I'm sure many Christians will be perplexed with my reaction. Why should I fear about following God, since it's such a joy to live according to his will? Loving Him, love your neighbours, forgive one another, spread the good news... how hard can all these be? I can understand them perfectly well, since I used to think the same way too. But if one is to take up the challenge to forget everything except pledging oneself to act accordingly to the New Testament... do u realize what is the implication?

"If someone strikes you on the right cheek, turn to him the other also."

"Love your enemies and pray for those who persecute you."

"Anyone who loves his father or mother more than me is not worthy of me; anyone who loves his son or daughter more than me is not worthy of me."

"If your hand or your foot causes you to sin, cut it off and throw it away. It is better for you to enter life maimed or crippled than to have two hands or two feet and be thrown into eternal fire."

"If you want to be perfect, go, sell your possessions and give to the poor, and you will have treasure in heaven. Then come, follow me."

"Love the Lord your God with all your heart and with all your soul and with all your mind."

No, it is not enough merely to intellectually acknowledge Christ's teachings, one must fulfill them, in action. To those who deny this, to those who claim that following Christ consists merely of intellectually accepting Christ as their lord and saviour: Have Christ not said that, "If you love me, you will obey what I command?" Eerily, that what many biblical scholars are trying to convince us: 'Hurray, you've accepted Jesus, you're saved now from eternal damnation! So now, go and enjoy your well-deserved vacation! Everything is done!'

So forgive me if I sound exceedingly paranoid towards biblical scholars, but what these people say and what I'm reading in the bible are so incompatible, I'm amazed that they managed to get the whole Christendom fooled. Or perhaps it's because we were just too afraid to study the bible for ourselves and let these 'experts' do the work for us? That the idea of being alone with God's Word is so terrifying as it exposes all our shortcomings, makes us all seek comfort under the shade (shadow?) of Christian scholarship?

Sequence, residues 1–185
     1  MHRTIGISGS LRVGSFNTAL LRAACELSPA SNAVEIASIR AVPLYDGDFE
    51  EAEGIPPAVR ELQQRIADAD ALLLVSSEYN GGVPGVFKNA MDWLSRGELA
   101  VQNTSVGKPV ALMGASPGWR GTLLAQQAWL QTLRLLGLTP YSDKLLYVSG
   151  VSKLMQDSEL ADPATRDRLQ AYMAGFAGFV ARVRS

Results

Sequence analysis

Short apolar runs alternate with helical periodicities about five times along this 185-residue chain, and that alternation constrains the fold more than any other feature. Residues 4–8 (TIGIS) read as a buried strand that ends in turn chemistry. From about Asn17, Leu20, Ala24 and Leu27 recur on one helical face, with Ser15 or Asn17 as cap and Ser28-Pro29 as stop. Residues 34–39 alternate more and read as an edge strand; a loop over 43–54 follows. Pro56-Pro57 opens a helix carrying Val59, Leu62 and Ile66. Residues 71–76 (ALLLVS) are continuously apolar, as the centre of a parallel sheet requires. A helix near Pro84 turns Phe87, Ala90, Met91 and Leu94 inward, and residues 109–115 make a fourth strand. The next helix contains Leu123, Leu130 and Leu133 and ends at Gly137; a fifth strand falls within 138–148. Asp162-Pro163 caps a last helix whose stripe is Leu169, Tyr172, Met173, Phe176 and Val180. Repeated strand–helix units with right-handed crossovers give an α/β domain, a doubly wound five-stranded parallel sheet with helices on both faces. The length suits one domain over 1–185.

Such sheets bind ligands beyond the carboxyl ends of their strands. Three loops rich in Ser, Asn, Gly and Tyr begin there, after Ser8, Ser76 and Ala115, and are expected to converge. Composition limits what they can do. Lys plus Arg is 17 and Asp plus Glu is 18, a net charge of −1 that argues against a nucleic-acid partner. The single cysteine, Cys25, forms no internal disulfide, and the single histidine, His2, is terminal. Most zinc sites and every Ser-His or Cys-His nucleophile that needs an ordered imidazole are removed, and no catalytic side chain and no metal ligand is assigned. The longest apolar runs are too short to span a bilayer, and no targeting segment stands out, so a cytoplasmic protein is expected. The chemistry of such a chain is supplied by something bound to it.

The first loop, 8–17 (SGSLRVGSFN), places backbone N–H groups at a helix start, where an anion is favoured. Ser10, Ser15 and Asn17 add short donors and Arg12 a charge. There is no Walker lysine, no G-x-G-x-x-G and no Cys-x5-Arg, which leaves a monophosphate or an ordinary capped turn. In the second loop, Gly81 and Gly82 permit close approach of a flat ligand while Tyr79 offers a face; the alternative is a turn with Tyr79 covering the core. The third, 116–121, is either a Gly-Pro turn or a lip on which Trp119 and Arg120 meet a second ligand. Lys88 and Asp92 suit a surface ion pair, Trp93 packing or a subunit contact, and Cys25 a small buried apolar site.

Would you dare to take up the challenge of facing the full impact of God's Word all by yourself, without the interpretation and commentaries from biblical scholars? Do you dare to stand naked before God as his Word is poured out upon you, without the scholars and theologians reducing the intensity of his Message? For me, truth be told, I'm completely petrefied. But I will gather my courage to face this challenge, just as a kid has to face the possibility of falling down when he first learn to walk.

I have to face this fear, if I am to follow Christ. God please grant me the will to face you.

What we really need, then, is a reformation that sets even the Bible aside. Yes, this has just as much validity now as did Luther’s breaking with the Pope. The current emphasis on getting back to the Bible has, sadly, created religiosity out of learning and literalistic chicanery – a sheer diversion. Tragically this kind of knowledge has gradually trickled down to the masses so that no one can read the Bible simply any more. All our Bible learning has become nothing but a fortress of excuses and escapes. When it comes to existence, to obedience there is always something else we have to first take care of. We live under the illusion that we must first have the interpretation right or the belief in perfect form before we can begin to live – that is, we never get around to doing what the Word says.

Saturday, August 05, 2006

Random Updates

I've passed the exams, and now i'm all set for my next phase of studies in Auckland University February next year. In the mean time, I'll get a good rest to recover from the excessive exam stress, work out to lose some fat and most importantly, learning to live existentially.

Moving out from my apartment was more sad than I have imagined. To think that I won't be seeing the place again after staying there for 2.5 years... I have many memories that linger around the corridors of Vista Komanwel, some sweet some bitter, but I will cherish all of them.

Sad that I never have a doctor as a role model throughout my course, though I do admire certain facets of a few lecturers. A sad fact, but nothing could be done. Hopefully I can find one in New Zealand.

Been busy vacationing all around Malaysia lately. Been to Genting Highlands and Penang so far, Cameron Highlands and Pulau Redang coming up next if I'm not exhausted by then. Really desperate for a nice tan at a sunny beach... Pulau Redang sounds perfect!